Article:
The lack of power compared to its competition never came into play using the Acer, even with multiple tabs open.
At no point did the Chromebook feel noticeably sluggish or underpowered, but it also lacks the cool stylus features and UHD displays of its competitors.
On paper, with the exception of battery life, the Acer falls way behind its competition, putting up numbers less than half as strong as both the Pixelbook and the Samsung.
The Kraken test takes close to three times as long on the Acer as it does on the Pixelbook, but the tradeoff is the Acer’s battery life is absolutely ridiculous.
In fact, it’s so ridiculous that we actually had to run the battery test twice on this laptop, because it became apparent our first attempt started too late in the day. With the screen and volume set to 50%, and a local copy of Guardians of the Galaxy running on loop, the Acer refused to die.
The second battery test attempt started at 6:45am, with the Acer finally giving up the ghost at 11:32pm – that’s astonishing. The manufacturer claims 12 hours of battery life, and it’s rare to see actual numbers come close to manufacturer claims, much less exceed them by such a large margin.
The trade-off between power and longevity is worth it, especially when the battery life is so incredible. The Acer has no fans to drain the battery and, with less rugged hardware than either the Samsung or Pixelbook, and it never felt hot.
The Acer’s screen is bright, colorful and roomy. It’s ideal for watching movies and surfing the web. That extra real estate also makes it easier on the eyes for productivity, especially during tasks like word processing and managing spreadsheets. General web surfing is also lovely on the Acer Chromebook 15, with enough power to keep up with multiple tabs and streaming video.
That said, the fantastic battery is what’s really to love here. Yes, it’s a good looking laptop, and the screen and speakers work well together for watching movies, but it’s that battery life that puts this computer at the same level as more powerful Chromebooks. You just won’t find a 15-inch laptop with this sort of battery life – it’s exhausting. And, the icing on the cake is that, even after almost 17 hours of continuous run-time before the battery died, it took less than two hours to charge it back up using the USB-C charger.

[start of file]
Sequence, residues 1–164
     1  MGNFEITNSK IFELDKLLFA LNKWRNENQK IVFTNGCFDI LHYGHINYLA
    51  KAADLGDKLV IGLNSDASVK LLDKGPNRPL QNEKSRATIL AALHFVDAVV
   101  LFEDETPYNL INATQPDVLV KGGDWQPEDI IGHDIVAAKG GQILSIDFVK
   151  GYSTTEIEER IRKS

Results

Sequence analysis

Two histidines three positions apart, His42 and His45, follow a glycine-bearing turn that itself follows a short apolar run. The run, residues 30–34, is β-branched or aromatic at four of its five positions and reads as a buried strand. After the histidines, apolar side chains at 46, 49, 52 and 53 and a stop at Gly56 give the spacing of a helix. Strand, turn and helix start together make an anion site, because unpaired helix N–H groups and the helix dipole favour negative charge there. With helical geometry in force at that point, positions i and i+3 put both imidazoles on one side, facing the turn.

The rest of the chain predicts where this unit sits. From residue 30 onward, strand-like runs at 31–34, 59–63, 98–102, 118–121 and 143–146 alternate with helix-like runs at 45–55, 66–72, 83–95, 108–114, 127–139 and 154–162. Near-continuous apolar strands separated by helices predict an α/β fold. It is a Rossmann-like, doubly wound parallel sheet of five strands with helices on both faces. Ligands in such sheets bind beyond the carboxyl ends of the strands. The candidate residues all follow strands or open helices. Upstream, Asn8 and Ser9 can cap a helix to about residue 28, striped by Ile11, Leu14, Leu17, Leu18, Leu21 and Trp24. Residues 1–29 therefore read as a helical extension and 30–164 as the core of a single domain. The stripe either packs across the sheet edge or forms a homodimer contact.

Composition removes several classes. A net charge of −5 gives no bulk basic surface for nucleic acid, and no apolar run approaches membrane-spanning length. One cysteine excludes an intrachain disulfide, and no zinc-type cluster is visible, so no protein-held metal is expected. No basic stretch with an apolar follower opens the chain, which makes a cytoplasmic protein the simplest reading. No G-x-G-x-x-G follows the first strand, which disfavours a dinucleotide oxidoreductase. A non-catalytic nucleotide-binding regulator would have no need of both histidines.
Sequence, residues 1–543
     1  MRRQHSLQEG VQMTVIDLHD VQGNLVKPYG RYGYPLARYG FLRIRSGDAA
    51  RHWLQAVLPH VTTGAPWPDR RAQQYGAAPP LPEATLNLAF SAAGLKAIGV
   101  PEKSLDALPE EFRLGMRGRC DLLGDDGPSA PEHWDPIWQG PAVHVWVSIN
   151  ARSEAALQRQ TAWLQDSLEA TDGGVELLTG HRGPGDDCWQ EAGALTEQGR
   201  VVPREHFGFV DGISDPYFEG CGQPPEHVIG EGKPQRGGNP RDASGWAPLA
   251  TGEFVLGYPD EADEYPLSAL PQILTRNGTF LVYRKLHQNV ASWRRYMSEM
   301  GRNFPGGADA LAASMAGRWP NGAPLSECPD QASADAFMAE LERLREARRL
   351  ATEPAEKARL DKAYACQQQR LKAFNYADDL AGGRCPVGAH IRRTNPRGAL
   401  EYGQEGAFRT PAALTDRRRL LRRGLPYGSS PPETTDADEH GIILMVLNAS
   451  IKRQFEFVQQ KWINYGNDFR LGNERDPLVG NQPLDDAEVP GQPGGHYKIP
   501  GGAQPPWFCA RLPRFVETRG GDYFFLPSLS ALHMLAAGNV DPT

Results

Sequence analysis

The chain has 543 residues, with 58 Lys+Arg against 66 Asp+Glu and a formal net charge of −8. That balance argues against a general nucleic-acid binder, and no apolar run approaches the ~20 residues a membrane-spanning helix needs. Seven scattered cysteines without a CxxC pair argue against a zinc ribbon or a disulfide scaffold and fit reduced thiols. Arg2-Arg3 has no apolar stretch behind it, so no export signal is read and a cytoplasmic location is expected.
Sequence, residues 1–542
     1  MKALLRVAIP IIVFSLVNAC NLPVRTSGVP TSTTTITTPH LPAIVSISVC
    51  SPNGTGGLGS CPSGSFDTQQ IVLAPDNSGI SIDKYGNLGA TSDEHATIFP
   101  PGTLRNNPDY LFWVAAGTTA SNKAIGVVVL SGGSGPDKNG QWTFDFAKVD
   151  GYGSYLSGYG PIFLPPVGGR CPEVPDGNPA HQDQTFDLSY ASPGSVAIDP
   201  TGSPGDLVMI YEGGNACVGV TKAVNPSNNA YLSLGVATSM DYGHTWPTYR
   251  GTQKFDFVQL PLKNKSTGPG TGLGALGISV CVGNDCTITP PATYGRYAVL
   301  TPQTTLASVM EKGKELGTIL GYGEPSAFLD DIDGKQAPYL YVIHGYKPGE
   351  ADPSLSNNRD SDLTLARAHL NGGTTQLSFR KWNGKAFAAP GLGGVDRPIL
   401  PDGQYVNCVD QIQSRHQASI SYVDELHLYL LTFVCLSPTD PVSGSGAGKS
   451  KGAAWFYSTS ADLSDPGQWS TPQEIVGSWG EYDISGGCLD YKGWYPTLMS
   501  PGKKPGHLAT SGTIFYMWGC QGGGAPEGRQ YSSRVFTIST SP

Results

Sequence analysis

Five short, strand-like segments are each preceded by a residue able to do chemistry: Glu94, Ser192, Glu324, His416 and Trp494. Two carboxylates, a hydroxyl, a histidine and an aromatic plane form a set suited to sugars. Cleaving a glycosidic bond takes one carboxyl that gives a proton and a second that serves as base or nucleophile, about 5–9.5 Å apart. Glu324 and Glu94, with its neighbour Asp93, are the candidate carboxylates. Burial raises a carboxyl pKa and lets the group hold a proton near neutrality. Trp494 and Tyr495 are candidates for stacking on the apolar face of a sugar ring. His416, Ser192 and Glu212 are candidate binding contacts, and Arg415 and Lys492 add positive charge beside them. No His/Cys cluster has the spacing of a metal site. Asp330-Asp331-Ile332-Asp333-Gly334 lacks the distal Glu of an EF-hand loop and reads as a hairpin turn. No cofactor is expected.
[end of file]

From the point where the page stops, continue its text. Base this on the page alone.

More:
Even though it holds its own in most circumstances, that lack of power eventually catches up to the Chromebook 15. Once the screen starts to fill up with Ajax-heavy browser tabs, there is a noticeable lag when opening up new pages or Google Doc files. It’s small, but noticeable.
The speakers are mightily loud but lack depth, stripping all subtlety from music, producing a loud but flat sound that’s like listening to music from another room. Essentially, they sound like very loud phone speakers, with the benefit of being in stereo.
Chromebooks are a great way to get stuff done online at a reasonable price. To that end, the Acer Chromebook 15 is more of an attractive tool than anything else, a way to get the job done and look good doing it.
It also benefits massively from the sharp, colorful 15.6-inch touch display. Movies and online video look great on this screen, and text is crisp and clean. Using the Acer to work online is a treat, with eye strain reduced by the ample screen and its excellent text rendering abilities.
The most difficult thing in making a judgement call about the Acer Chromebook 15 is weighing its relatively low power against its magnificent battery life – it’s just unbelievable. Working on the train or watching movies without fear of a dead battery is huge, and with such a gigantic reservoir of electrons from which to draw, the battery more than makes up for any sluggishness it might have running a dozen or more tabs.
Ultimately, the Acer Chromebook 15 can’t compete against the Samsung and Pixelbook in terms of power and functionality. But its price, coupled with a sharp display, handsome exterior and absolutely jaw-dropping battery, make up for its shortcomings.